This put Prince Florestan in a terrible position. He was no reactionary himself and, indeed, Monaco would eventually put all the demanded changes into effect, but he did not want to see his country divided or taken over by a foreign power. The problem was that the power he most feared, Piedmont-Sardinia, was the only one he was supposed to appeal to for help. Charles Trenca, a leading liberal, was an early flashpoint. He had served the House of Grimaldi since 1819 and in 1841 he had been sent on a diplomatic mission to Turin along with the Duke of Valentinois (future Prince Charles III) and King Carlo Alberto had been impressed with him. On a subsequent mission the King chose him to act as go-between with the court in Monaco on the subject of annexing Monaco to Piedmont-Sardinia. Needless to say, Prince Florestan and Princess Caroline were less than impressed with this suggestion and Trenca was eventually dismissed for his plotting on behalf of Turin.

King Carlo Alberto had showed his hand and his desire to include Monaco or at the least Menton and Roquebrune in his kingdom was now known. However, the agitation in those areas only increased even after reforms were made and Prince Florestan had no choice but to appeal to the King for Piedmontese troops to restore order. When soldiers were dispatched under General Claudio Gonnet to Menton they were met by a crowd of citizens carrying a large bust of their own beloved King Carlo Alberto. They could not bring themselves to shoot down a mob cheering their own monarch and when the crowd approached, carrying the bust before them, they simply saluted the image of their King and allowed them to pass at which point the crowd burst into cheers. General Gonnet declared that there was no trouble in Menton and marched his troops on to Monaco to report as much to the Prince. This did not go over well at the palace and they assumed, probably correctly, that General Gonnet was on the side of the protestors in wishing for annexation.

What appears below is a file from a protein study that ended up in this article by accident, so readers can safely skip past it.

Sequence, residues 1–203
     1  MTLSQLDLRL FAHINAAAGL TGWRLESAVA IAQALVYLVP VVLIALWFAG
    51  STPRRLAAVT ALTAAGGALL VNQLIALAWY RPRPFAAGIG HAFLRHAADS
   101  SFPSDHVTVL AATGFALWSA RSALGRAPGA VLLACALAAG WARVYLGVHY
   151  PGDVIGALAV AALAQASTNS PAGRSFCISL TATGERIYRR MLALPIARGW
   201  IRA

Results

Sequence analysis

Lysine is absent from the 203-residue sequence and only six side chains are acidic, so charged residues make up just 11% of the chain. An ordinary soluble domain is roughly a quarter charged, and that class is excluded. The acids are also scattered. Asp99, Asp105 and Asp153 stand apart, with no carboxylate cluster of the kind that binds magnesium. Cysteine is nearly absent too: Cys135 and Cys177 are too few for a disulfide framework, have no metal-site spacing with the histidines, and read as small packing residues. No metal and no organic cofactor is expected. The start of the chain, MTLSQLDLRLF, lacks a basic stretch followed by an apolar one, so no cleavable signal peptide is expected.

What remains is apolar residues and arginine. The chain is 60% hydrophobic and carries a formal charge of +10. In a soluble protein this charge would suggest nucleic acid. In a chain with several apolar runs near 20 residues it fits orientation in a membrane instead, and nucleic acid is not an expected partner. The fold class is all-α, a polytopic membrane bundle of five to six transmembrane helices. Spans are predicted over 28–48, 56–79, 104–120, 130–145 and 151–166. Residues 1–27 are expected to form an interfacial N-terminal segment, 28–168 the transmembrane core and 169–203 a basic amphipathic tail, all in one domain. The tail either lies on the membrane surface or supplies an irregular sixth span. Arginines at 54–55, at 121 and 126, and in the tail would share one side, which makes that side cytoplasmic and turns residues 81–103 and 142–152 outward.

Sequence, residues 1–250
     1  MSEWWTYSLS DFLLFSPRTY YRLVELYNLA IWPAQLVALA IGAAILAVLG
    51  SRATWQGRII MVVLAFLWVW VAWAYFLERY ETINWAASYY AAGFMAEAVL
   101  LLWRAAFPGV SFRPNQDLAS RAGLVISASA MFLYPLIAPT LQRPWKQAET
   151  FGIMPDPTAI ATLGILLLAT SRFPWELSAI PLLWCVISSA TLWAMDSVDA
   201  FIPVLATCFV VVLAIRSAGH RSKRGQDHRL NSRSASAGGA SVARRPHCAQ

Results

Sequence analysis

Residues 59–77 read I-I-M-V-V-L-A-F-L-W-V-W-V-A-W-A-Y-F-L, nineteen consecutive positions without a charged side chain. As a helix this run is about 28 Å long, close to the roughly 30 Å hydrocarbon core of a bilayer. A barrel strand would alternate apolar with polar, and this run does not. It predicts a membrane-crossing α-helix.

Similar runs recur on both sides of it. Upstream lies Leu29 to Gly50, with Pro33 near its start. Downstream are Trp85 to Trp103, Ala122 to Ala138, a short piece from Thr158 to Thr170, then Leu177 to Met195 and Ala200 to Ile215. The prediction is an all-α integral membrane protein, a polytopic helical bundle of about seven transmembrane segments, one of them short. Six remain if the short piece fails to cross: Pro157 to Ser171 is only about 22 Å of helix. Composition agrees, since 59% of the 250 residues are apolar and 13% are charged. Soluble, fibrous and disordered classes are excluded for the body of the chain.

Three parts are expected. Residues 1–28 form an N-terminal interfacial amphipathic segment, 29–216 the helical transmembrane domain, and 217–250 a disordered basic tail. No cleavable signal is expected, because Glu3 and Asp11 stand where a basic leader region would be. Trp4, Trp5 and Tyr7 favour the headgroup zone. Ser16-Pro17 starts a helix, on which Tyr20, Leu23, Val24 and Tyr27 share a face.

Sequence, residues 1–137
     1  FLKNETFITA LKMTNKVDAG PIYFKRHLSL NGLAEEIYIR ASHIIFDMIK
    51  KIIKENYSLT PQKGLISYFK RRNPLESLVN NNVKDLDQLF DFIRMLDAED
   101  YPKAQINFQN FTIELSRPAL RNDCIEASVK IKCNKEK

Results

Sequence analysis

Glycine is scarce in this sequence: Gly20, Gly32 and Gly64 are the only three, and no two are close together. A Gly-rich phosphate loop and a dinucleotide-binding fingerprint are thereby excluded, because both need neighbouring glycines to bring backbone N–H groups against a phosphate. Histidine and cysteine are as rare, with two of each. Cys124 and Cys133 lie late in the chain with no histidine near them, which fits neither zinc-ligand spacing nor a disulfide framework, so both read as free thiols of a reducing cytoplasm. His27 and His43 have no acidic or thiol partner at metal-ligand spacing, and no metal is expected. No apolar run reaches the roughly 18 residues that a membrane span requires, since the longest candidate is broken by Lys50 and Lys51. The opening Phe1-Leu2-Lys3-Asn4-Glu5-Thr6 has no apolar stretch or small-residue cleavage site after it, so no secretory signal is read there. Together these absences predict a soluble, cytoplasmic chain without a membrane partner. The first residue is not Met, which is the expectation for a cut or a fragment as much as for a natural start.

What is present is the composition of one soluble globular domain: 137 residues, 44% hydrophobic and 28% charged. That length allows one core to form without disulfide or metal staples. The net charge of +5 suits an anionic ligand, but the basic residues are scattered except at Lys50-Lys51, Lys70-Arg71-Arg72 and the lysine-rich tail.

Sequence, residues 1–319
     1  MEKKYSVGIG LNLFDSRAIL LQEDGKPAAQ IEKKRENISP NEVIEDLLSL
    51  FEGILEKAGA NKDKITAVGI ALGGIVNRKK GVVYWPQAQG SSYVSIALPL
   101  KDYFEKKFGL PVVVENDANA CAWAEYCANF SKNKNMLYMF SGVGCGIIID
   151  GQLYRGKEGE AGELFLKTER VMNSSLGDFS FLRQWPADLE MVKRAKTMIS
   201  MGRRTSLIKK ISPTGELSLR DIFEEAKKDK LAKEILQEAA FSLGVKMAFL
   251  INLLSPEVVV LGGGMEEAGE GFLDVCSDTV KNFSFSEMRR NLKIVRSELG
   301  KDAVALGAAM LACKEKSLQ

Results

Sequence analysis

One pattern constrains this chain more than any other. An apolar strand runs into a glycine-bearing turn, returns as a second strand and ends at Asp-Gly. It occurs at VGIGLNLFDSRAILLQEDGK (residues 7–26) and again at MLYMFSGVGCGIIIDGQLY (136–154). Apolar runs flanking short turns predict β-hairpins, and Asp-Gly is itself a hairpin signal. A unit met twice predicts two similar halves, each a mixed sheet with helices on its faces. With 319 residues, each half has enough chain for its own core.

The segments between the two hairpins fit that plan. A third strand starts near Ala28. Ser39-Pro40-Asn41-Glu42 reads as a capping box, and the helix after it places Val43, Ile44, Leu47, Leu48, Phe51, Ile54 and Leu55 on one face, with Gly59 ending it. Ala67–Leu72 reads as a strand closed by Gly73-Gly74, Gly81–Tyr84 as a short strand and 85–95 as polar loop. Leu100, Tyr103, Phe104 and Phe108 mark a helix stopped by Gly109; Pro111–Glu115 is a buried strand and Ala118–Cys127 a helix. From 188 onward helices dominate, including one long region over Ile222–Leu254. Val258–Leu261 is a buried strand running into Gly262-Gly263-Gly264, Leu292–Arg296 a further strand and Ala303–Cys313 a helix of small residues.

When the Revolutions of 1848 swept Europe, Menton and Roquebrune declared their secession from Monaco as “Free Cities” when similar uprisings were breaking out across Italy. Within two years they would be formally placed under the protection of the Kingdom of Piedmont-Sardinia. However, King Carlo Alberto would not live to see that. Following his defeat at the hands of the Austrians in the First Italian War for Independence, he abdicated in favor of his son, Vittorio Emanuele II, in 1849 and died later that same year. Piedmont-Sardinia would not hold the former Monegasque towns for long though. As we know, in 1860, as part of a treaty to gain French support for the unification of Italy by the House of Savoy, the County of Nice, with Menton and Roquebrune included, were ceded to the Second French Empire after a referendum, disputed by some as being less than honest. Nonetheless, aside from a brief period during World War II, Menton and Roquebrune have remained a part of France ever since then.